Organizational Behavior and Human Decision Processes, vol. 75, issue 3 (1998) pp. 258-273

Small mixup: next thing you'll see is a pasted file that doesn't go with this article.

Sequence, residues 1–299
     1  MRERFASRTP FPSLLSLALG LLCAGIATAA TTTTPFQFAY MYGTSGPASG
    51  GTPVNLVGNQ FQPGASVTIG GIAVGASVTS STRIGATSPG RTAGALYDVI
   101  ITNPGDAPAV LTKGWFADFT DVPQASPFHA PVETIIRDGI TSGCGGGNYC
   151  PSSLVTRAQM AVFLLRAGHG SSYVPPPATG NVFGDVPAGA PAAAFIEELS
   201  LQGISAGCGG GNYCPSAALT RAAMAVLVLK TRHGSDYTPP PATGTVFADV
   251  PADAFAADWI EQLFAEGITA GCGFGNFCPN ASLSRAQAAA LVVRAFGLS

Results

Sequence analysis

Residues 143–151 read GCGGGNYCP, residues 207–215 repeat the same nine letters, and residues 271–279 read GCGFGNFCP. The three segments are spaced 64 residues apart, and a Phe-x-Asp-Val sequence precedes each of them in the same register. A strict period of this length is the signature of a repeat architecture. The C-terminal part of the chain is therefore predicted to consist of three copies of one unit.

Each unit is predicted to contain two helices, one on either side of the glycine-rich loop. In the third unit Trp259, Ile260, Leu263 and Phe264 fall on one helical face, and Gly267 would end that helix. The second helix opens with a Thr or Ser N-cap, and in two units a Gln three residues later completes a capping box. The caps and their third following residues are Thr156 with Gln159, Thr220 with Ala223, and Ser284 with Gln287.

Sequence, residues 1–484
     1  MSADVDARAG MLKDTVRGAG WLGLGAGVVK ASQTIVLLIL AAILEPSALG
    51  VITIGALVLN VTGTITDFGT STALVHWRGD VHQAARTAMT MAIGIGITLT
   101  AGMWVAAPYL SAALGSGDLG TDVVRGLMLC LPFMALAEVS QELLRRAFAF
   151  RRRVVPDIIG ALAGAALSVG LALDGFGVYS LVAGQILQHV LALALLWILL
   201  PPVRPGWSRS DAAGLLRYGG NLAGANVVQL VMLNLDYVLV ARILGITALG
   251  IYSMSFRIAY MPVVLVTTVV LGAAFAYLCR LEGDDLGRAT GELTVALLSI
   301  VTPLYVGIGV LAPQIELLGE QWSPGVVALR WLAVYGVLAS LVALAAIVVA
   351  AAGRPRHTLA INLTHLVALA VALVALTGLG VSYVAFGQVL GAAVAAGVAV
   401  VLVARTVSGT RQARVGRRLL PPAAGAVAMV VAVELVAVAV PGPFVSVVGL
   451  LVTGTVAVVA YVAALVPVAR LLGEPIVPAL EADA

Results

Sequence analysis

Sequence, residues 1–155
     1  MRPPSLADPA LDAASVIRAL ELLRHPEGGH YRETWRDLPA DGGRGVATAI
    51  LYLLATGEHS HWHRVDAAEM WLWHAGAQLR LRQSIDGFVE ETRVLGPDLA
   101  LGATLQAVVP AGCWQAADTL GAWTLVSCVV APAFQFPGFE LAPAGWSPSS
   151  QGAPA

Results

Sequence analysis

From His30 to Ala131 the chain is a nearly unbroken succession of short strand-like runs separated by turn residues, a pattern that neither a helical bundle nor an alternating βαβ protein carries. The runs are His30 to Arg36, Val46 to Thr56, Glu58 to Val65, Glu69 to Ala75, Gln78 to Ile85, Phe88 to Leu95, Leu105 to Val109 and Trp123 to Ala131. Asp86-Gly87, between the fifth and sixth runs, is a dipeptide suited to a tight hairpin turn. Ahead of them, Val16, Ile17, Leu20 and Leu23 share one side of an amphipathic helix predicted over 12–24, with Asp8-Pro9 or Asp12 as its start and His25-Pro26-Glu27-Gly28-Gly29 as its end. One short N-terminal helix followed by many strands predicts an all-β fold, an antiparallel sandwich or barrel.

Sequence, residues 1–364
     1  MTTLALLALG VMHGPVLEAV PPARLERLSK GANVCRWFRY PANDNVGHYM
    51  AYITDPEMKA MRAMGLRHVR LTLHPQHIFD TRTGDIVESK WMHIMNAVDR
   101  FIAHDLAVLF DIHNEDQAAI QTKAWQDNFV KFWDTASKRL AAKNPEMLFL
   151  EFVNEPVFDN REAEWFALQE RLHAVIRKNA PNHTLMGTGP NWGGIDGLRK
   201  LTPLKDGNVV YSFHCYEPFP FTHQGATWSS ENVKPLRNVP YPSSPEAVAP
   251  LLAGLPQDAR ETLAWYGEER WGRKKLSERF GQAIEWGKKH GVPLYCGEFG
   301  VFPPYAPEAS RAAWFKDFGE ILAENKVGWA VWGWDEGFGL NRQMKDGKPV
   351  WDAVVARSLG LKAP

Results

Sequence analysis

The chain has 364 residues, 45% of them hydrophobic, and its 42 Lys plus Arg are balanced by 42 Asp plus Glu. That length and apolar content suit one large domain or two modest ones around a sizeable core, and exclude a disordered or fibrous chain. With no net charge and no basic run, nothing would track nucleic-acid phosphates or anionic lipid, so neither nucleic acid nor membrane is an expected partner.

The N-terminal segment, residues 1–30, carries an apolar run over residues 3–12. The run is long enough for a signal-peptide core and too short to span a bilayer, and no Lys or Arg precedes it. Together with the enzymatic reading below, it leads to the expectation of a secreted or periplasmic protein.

According to the price-expectancy model of consumer choice, consumers evaluate products by comparing the actual price with a reference or expected price determined from (a) product's quality and (b) the price-quality correlation of the product category. Choices between hypothetical products of beer are used to test the model against a model without a reference price. Consistent with the price-expectancy model, product preferences varied with the subjective correlation between price and quality: the relative preference for higher priced/higher quality products over lower priced/lower quality products increased as the subjective correlation increased. For some pairs, the correlation between price and quality created a preference reversal across contexts: the higher priced/higher quality product was chosen over the lower priced/lower quality product in the higher correlational context, but the lower priced/lower quality product was chosen over the higher priced/higher quality product in the lower correlational context. An additional study provided evidence that the price-quality correlation affects reference price, rather than reference quality, formation. Copyright 1998 Academic Press.
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